Sports like football, basketball, and baseball are time-honored traditions. Their formats have largely remained the same over the generations. For example, baseball has always been about getting hits and home runs to advance teammates to home plate.
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The core ideas around these beautiful games will last a long time. However, sports technology has helped athletes, fans and officials keep the games modern. Here are six shifts in sports technology that are improving sports as you know them.
1. Assistant video referee
Officiating is often a hot topic at sporting events. Fans get angry when they think the officials miss a call that significantly affects the outcome of the game. Baseball ignored instant replays until 2008 and allowed umpires to make calls exclusively on the field. It took FIFA until the 2018 World Cup to accept instant replay as a necessity in today’s sporting world.
FIFA uses video assistant referees (VAR) to review matches. After a successful debut in 2018, FIFA brought back VAR for the 2022 World Cup in Qatar. It took the officials just three minutes to disallow Michael Estrada’s goal via VAR in the opener between Qatar and Ecuador. VAR uses semi-automatic technology to determine whether a player has scored a goal offside. Using the naked eye to determine a call is difficult, so technology is here to help.
2. Smart stadiums
Sporting events are as much about the fans as they are about the players and coaches involved. Many people spend their hard-earned money and travel thousands of miles to see their favorite athletes live. Venues around the world have aimed to improve the fan experience by building smart stadiums. These arenas include advanced technology that allows fans to improve their security and connect to high-speed Internet.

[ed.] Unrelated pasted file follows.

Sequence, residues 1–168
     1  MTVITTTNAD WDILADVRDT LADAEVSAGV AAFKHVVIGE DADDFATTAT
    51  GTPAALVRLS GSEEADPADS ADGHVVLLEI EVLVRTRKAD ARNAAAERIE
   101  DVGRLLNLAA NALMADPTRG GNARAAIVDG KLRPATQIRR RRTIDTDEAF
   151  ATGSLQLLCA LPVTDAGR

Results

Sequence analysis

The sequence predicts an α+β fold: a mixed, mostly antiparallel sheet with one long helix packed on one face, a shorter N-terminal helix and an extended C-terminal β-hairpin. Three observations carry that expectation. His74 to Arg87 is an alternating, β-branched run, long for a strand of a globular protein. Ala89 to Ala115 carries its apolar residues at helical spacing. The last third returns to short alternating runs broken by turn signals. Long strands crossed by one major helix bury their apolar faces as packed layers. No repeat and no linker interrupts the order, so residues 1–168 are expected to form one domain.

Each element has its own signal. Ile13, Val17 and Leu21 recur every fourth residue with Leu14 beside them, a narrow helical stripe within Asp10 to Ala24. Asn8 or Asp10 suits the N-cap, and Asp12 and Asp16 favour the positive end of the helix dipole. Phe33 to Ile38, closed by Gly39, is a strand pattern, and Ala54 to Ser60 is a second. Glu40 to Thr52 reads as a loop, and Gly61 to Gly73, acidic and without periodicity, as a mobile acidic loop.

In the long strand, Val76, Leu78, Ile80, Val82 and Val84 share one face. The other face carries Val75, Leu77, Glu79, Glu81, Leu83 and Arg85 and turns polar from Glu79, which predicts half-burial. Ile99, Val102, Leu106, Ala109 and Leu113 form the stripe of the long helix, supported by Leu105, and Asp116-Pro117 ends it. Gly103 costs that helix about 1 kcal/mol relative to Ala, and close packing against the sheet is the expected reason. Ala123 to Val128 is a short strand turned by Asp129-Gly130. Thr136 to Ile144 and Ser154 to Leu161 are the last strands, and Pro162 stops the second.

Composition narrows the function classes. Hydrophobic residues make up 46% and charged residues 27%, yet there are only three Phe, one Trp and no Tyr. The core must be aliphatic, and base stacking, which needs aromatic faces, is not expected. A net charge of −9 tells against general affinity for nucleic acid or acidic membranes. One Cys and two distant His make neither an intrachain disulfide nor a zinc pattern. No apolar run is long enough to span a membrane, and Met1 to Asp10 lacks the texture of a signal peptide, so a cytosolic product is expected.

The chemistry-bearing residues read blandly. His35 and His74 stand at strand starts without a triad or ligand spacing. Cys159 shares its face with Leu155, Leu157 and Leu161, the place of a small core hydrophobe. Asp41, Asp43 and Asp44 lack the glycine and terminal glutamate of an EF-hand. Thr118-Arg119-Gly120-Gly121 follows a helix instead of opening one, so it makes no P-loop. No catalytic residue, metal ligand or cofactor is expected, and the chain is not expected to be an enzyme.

In the US, look at Mercedes-Benz Stadium in Atlanta. The home of the Falcons has 1,800 wireless access points and 2,000 televisions located around the stadium, so fans can see the game while they line up in the concession stands.
Internationally, NACK5 Stadium in Saitama City, Japan is another example of an enhanced fan experience. Here, fans can order food and drinks and have staff deliver them to their seat. The stadium also allows fans to see the game through the eyes of the goalkeeper with virtual reality headsets.
3. Artificial grass
In the past few years, more emphasis has been placed on player safety. Leagues like the NFL have found ways to reduce injuries through artificial intelligence. However, simple changes have proven to be effective in keeping players safe. One example is the use of artificial grass instead of natural grass on the field. The NFL’s 32 teams play in 30 stadiums, and 14 have switched to artificial turf so far.
Artificial grass benefits athletes because it is more durable than natural grass. In fact, it can last 10 years if you maintain it properly. Fall Sundays see a lot of traffic on soccer fields, so it’s important to have healthy turf for the athletes. The NFL season extends into December and January, when winter weather can significantly affect playing conditions. Artificial turf is more resistant to slipping, so the fields in Buffalo, New York and Seattle are more favorable for players.